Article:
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Nicolas Poussin (1594-1665)
( Originally Published 1955 )[an error occurred while processing this directive]
The father of French painting and, after Raphaei, probably the greatest painter in the classical tradition. Although he spent almost all his life outside of France (in Italy), he produced an art characteristically French. He was the dominant force in French painting of his century and has exerted tremendous influence on French painters ever since. Painting as an art had been re-established in modern France by Vouet, Poussin's predecessor, and Paris had been a crucial school in the development of late Gothic painting (c.1400), but the supremacy of French painting in recent centuries goes back directly to Poussin. Poussin was an intellectual painter; his subjects were literary, his forms deliberate. "My nature constrains me to seek and to love well-ordered things, and to flee confusion, which is as much my antithesis and my enemy as light is to dark," he wrote to his friend Chantelou. He felt no compunction in drawing on the works of others, provided the borrowed element was transformed to fit its new employment. He quoted alike from classical mythology, the Holy Writ and the paintings of the ancients and the moderns. His was the Grand Manner, stemming from the dignity and decorum of Raphael's Roman period, but made more ample and usually more spatial by his own devices. The Grand Manner entails subjects which are elevated, not merely didactic. Beauty is Measure; color in ample areas, space traversable, forms in Greek proportion, detail generalized, sequences rhythmical and structure geometrically stable. This is exemplified in the Rape of the Sabines (Metropolitan).
Poussin was born in Normandy of a middle-class family. He studied locally with a certain Varin until eighteen. He then went to Paris where he worked with minor painters and studied the Royal collection and a collection of Italian engravings. The Bacchus and Erigone (Stockholm) is possibly of this period since it shows the hard elongated forms of the School of Fontainebleau. Despite several attempts, it was not until 1624 that Poussin got to Rome, the interim being spent in numerous commissions in French chateaux. He became a friend of Philippe de Champaigne and finally of G.B. Marino, an Italian poet who expedited his trip to Rome and introduced him to Cardinal Barberini. Although poor at first, Poussin became a favorite of the Barberini circle and especially of Cassiano del Pozzo, a wealthy collector who commissioned him to draw antique monuments.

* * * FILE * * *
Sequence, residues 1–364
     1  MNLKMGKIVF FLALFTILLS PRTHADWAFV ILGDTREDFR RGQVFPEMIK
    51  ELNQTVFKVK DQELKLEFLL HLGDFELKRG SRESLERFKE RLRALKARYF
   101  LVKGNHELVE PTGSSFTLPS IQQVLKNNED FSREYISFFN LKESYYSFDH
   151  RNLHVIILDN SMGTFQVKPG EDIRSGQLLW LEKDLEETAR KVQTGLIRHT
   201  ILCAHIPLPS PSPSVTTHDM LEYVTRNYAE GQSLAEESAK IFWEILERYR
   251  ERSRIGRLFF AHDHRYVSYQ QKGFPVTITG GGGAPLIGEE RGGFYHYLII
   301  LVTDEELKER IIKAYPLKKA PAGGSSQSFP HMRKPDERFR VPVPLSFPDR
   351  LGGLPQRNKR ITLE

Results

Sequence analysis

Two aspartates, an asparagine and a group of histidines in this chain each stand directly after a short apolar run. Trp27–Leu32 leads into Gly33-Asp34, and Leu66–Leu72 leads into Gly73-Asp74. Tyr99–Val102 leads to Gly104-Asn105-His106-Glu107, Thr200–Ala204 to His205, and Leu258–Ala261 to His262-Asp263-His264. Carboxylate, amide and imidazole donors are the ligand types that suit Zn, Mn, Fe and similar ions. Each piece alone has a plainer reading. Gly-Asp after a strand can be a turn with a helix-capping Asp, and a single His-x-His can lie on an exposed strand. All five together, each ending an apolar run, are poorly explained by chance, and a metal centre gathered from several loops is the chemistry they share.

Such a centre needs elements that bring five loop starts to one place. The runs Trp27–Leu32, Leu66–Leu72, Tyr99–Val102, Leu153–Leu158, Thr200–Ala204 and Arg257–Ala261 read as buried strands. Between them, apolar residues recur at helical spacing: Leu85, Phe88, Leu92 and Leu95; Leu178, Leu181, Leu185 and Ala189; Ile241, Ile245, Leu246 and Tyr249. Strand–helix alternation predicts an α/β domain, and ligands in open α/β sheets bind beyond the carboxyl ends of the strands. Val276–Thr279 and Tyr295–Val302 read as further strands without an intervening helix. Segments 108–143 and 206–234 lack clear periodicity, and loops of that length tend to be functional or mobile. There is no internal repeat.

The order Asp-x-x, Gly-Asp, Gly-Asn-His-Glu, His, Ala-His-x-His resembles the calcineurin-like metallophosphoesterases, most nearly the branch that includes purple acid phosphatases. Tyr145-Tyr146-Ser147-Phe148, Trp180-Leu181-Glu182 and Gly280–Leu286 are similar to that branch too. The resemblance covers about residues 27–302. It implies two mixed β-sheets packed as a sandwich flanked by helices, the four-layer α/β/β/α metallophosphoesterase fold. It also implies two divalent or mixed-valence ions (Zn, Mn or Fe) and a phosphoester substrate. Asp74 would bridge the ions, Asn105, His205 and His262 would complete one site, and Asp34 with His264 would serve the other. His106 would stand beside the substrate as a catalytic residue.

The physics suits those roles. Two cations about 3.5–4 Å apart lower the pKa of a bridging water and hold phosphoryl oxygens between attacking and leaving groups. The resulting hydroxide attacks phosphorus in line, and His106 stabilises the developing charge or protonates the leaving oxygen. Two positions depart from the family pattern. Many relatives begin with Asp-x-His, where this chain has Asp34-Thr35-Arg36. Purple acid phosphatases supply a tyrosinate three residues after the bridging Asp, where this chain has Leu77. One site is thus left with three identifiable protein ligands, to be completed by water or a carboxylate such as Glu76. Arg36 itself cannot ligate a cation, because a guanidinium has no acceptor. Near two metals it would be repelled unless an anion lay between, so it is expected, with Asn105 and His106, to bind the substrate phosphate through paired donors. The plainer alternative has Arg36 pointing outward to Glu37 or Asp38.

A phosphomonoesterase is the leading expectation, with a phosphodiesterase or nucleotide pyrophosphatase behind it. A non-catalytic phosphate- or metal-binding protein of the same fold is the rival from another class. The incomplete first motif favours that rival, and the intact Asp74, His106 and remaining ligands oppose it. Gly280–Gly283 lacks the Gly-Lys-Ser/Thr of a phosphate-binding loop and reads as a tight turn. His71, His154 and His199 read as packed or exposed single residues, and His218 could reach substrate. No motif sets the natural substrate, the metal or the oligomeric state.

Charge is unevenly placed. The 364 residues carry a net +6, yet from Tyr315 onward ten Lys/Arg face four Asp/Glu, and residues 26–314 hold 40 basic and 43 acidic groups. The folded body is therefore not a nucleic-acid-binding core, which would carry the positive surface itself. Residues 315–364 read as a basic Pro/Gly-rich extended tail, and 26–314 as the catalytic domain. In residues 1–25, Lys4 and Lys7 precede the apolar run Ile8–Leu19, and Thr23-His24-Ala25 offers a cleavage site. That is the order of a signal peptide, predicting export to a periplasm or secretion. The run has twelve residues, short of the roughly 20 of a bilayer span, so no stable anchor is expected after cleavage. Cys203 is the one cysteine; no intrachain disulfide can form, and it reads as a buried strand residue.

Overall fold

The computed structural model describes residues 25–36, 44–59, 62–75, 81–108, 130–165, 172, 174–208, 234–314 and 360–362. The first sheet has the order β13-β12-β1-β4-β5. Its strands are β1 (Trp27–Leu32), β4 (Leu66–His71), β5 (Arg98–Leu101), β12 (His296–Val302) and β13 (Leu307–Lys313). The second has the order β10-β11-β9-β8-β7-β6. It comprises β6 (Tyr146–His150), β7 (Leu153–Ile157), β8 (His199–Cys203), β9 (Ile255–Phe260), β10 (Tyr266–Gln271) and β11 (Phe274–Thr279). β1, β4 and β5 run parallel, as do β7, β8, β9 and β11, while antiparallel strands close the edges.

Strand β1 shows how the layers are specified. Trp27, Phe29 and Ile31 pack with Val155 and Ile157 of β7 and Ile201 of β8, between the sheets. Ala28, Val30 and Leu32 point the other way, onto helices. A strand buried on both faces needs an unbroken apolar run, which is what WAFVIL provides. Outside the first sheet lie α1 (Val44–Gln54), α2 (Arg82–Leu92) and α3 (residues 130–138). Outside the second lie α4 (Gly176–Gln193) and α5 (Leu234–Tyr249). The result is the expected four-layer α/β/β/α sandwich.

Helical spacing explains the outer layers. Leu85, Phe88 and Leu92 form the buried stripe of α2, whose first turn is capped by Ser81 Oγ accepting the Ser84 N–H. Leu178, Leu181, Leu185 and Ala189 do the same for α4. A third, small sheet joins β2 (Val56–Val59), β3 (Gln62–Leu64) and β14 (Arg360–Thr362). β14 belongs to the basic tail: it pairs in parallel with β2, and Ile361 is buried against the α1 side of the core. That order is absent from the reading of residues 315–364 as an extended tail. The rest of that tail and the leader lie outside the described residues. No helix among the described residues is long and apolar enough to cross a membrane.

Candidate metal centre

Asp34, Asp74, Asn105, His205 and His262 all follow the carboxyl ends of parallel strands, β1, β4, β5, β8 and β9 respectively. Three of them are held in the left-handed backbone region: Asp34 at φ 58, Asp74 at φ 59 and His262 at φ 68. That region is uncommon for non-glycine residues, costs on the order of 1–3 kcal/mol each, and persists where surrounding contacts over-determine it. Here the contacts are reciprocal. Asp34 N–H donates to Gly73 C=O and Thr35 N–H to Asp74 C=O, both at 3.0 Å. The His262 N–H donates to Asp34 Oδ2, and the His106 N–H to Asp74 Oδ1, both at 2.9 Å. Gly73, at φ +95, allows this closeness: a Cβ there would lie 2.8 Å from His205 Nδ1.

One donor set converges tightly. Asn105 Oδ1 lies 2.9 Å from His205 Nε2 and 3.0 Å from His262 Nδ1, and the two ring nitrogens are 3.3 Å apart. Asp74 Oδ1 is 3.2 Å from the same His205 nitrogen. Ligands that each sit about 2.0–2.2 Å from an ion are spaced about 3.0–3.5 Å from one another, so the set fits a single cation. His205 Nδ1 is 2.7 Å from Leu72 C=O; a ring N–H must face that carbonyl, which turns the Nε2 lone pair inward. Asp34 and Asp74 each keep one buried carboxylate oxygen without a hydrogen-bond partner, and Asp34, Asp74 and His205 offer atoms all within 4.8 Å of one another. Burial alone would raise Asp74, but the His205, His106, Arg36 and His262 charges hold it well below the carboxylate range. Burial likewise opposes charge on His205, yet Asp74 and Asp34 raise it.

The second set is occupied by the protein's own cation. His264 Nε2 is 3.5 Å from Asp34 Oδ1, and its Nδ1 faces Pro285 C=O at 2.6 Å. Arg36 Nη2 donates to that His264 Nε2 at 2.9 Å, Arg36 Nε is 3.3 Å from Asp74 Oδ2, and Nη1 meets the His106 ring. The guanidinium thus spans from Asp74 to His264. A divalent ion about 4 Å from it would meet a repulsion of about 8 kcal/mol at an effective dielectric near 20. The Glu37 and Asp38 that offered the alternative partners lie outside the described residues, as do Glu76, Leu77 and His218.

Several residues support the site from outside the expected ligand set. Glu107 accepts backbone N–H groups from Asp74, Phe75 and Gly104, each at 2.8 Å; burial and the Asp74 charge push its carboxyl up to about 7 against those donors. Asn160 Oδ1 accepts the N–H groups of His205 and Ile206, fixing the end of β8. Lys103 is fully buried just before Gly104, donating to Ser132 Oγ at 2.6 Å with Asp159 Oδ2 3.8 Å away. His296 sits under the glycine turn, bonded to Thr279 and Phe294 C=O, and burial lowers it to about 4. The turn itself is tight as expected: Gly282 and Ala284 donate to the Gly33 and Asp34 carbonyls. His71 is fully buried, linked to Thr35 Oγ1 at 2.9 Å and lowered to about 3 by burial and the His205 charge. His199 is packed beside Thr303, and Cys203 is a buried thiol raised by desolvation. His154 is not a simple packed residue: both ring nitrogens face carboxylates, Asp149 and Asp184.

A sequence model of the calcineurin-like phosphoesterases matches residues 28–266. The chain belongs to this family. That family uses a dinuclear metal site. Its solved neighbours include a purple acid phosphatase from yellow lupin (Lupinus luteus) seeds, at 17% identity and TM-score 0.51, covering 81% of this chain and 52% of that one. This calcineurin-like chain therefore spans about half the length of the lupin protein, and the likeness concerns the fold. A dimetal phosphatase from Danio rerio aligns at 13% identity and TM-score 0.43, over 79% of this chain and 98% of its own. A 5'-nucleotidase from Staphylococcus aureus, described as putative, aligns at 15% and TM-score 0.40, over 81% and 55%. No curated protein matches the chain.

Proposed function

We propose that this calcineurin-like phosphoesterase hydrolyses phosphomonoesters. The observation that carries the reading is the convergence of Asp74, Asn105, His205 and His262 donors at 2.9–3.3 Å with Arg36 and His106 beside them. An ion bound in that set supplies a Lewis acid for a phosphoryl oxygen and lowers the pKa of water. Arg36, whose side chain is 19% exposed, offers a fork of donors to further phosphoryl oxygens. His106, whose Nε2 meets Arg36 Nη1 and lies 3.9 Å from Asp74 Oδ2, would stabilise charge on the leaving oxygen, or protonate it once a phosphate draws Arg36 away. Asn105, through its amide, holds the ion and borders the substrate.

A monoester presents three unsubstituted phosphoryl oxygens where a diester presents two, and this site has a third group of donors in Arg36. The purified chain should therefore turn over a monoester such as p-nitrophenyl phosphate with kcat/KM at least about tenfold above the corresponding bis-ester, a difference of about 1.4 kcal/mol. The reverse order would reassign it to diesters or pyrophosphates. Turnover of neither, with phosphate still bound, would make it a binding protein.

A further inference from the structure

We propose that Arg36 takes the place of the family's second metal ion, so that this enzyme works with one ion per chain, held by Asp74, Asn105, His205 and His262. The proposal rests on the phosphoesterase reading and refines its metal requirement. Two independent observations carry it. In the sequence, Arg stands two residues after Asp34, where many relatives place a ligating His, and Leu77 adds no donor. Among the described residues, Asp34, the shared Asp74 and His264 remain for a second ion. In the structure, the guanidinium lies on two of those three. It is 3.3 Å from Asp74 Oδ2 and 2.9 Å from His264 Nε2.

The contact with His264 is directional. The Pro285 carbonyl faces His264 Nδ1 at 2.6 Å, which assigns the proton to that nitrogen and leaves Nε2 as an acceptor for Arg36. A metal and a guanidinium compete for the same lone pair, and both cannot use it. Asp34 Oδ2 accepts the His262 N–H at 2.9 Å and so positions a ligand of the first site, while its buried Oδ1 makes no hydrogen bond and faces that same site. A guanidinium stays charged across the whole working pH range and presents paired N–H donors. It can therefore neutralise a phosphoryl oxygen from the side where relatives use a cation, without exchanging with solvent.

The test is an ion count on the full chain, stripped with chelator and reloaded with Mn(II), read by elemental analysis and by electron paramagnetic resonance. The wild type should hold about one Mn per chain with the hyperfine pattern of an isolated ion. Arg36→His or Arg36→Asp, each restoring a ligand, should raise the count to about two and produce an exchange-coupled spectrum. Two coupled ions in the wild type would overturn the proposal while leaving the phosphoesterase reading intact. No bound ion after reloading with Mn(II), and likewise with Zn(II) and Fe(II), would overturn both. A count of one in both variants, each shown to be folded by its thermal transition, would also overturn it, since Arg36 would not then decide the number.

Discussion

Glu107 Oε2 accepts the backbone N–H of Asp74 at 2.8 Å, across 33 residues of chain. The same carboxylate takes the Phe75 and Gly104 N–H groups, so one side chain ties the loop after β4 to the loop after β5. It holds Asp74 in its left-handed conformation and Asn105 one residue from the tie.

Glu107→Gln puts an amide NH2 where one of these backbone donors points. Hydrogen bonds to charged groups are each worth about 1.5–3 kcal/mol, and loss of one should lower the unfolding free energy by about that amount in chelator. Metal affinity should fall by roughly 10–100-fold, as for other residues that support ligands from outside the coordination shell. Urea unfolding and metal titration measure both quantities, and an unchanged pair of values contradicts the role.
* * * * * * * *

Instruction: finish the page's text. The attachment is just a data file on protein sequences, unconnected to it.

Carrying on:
The chronology of Poussin's paintings is difficult to determine. Although there was a general development, he was accustomed to vary his composition and style according to the subject, so that contemporary paintings of different types of subjects sometimes seem disparate in date. During his early years in Rome his style leans strongly on the Renaissance masters Raphael and Titian and on his contemporary Domenichino. For instance, the Death of Germanicus (Rome), painted about 1630 for Cardinal Barberini, is based spatially on Raphael. The Triumph of David ( Dulwich Gallery) seems to draw upon Domenichino's severe architectural forms. To Titian, Poussin owed not only forms and motifs, but indeed the elegiac mood of classicism that pervades so much of his work. Before 1635 many paintings, such as Echo and Narcissus (Louvre), employ Titian's impressionistic light, color and foliage.
In 1640, after considerable royal urging, Poussin went to Paris and supplanted Vouet as first painter to the king. He was given much honor, a large salary and many decorative projects. The fact that he was by nature a careful composer of moderate-size canvases, combined with the intrigues of the established artists, made the stay an unhappy one. Within two years he was back in Rome where he had wisely left his wife and properties. There followed his great years, revered like Bernini throughout Europe, painting on commission for the leading figures of Italy and France. It was then that he executed the most powerful of his stoical and religious subjects, such as the second Sacrament series. His great landscapes also date from late in life when there was a visible interrelation between his art and that of Claude Lorrain. Fine examples are the series of the Four Seasons (Louvre) painted for Richelieu about 1664.